Dario Saric's shooting display could be sign of things to come

Dario Saric's shooting display could be sign of things to come

UNIONDALE, N.Y. — In a four-minute span, forward Dario Saric showed just how valuable he could be to the Sixers this season coming off the bench.

The 6-foot-10 big man sank four three-pointers to start the second quarter of the Sixers' 133-114 cruise past the Nets Wednesday night (see observations), with his assigned defender — $64 million man Timofey Mozgov — oftentimes barely in the same zip code. 

Mozgov outweighs Saric by 52 pounds, and the Sixers’ sophomore was able to use that to his advantage to generate open looks.

“It’s easy, because I can drive, too, and he’s sometimes in a difficult position,” Saric said. “If he goes to step out on me a little bit more, I can drive. If he stays too low down there, I can shoot like I did tonight. I like having guys like that.”

Mozgov committed the error of hanging too far back on Saric time and again. On Saric’s fourth and final three-pointer of his second-quarter shooting spree, Mozgov committed to staying low in the paint and turned his head away from Saric as Robert Covington drove to the rim.

Saric backpedaled to the left corner and by the time Mozgov could even raise his arms above his head to contest the shot, the ball had already left Saric’s fingertips and was well on its way towards giving the Sixers a 44-27 lead.

Coach Brett Brown said before the exhibition contest began that he planned on tightening up the team’s rotation. Saric wound up playing a shade over 24 minutes off the bench and led the team in field goal attempts (14), made field goals (10) and made three-pointers (5).

Though much of the focus on Wednesday’s game surrounded center Joel Embiid’s first action on the court since the meniscus injury that ended his 2016-17 campaign in January and his new $148 million contract extension, Saric’s performance did not go unnoticed. In the postgame media scrum, Brown asked that the second question out of reporters’ mouths touch on Saric.

After a reporter complied with the fifth-year coach’s request, Brown waxed eloquently, eventually touching on Saric’s flexibility. Saric could wind up playing significant minutes spelling different starters in various roles.

“It makes him just a really fantastic sort of teammate and an improving player,” Brown said. “You forget sometimes that he’s only going into his second year.”

The fact that Saric — who was unanimously voted to the NBA All-Rookie First Team last season — will likely spend 2017-18 coming off the bench and rotating into various spots on the Sixers’ lineup demonstrates just how far the team has come in the span of one offseason. Brown is now the beneficiary of roster flexibility and depth he never had in prior campaigns.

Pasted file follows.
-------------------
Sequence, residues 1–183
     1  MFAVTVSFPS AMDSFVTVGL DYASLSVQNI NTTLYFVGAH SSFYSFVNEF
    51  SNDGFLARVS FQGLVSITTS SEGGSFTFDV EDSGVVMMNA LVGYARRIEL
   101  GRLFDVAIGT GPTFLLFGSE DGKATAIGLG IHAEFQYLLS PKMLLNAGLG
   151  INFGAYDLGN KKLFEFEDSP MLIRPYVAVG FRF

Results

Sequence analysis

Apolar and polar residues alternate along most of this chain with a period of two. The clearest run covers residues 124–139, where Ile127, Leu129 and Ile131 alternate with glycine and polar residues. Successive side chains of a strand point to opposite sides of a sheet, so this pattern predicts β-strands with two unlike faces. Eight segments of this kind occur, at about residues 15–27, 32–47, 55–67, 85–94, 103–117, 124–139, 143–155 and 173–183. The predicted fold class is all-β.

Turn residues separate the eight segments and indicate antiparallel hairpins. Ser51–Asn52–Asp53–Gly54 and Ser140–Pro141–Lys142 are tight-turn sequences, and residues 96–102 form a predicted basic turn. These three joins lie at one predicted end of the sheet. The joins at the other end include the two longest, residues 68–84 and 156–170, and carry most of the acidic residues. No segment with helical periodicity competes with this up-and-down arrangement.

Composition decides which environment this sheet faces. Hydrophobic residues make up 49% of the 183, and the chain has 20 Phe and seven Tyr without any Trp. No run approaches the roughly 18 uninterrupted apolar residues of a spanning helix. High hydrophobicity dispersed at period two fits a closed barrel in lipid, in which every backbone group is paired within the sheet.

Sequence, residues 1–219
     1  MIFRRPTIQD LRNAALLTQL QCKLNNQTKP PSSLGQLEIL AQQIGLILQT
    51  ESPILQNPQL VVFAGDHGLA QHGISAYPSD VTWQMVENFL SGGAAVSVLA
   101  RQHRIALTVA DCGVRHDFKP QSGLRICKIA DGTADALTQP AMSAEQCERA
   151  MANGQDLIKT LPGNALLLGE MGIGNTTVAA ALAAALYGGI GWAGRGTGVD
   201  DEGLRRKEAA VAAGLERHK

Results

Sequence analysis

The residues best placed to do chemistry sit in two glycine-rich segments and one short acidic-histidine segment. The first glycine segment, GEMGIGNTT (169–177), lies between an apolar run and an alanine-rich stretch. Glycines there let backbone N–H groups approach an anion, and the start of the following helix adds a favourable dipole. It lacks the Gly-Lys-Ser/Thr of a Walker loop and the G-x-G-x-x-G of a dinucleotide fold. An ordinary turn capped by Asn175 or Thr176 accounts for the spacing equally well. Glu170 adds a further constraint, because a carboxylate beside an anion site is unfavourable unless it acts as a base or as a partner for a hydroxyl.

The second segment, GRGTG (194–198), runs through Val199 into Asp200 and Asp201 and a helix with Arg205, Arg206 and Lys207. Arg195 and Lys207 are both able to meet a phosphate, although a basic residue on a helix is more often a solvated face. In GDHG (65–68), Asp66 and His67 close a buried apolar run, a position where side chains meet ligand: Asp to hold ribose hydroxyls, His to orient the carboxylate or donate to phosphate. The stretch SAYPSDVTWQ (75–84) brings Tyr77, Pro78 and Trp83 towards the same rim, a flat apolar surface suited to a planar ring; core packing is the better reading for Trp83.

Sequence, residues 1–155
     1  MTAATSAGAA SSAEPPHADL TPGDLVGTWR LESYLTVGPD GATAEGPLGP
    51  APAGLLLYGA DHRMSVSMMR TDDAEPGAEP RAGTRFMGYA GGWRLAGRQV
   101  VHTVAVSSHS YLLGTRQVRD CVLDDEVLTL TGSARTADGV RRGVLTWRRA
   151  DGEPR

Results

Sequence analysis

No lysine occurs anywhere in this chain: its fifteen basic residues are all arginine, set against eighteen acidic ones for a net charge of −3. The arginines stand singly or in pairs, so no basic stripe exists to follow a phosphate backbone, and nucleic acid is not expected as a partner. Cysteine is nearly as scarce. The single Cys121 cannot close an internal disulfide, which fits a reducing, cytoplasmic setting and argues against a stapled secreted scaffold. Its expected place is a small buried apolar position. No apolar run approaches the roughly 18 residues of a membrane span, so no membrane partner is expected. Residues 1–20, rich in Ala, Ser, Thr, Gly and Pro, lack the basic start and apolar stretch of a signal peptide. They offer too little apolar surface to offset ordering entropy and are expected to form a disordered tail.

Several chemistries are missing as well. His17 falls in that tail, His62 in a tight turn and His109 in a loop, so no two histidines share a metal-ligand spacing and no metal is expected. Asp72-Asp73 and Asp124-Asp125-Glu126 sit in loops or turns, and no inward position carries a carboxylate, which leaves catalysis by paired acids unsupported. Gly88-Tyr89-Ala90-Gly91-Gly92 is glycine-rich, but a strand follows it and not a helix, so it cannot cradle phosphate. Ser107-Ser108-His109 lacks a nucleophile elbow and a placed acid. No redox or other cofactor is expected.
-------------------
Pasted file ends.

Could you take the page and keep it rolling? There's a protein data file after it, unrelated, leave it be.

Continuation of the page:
If Saric’s three-point shooting form can hold up once the season starts, he may become a weapon beyond what even Brown could have envisioned. Saric shot just 31.1 percent from beyond the arc last year but has hit six of his 13 shots from distance in his two games of preseason action, good for a 46.2 percent clip.

“I think that in the first game I was a little bit slow in the game, but this game I understood how to play,” Saric said. “I remember how it goes in an NBA game and of course, sometimes you need this game before the season.

“I hope I have so many games like this during the season and I hope I find myself and do the right things.”

Western Conference streaks give Sixers a boost

USA Today Images

Western Conference streaks give Sixers a boost

SAN ANTONIO -- LaMarcus Aldridge had 27 points and nine rebounds, and the San Antonio Spurs won their fifth straight, 98-90 over the Washington Wizards on Wednesday night.

San Antonio remained in sixth place in the Western Conference, one-half game behind fourth-place Oklahoma City. The Spurs close out a six-game homestand on Friday against Utah, which is 1 games behind San Antonio in eighth place.

Bradley Beal and Kelly Oubre Jr. each had 21 points to lead the Wizards, who dropped into sixth in the Eastern Conference.

San Antonio's winning streak follows a 3-11 skid that briefly dropped the Spurs out of playoff position.

Aldridge has been critical to the turnaround, averaging 29.6 points and 9.2 rebounds during the streak.

Against Washington, Aldridge scored nine points during a 23-9 run that gave San Antonio a 17-point lead with four minutes left in the third quarter.

Without injured All-Star John Wall, the Wizards were unable to answer (see full recap).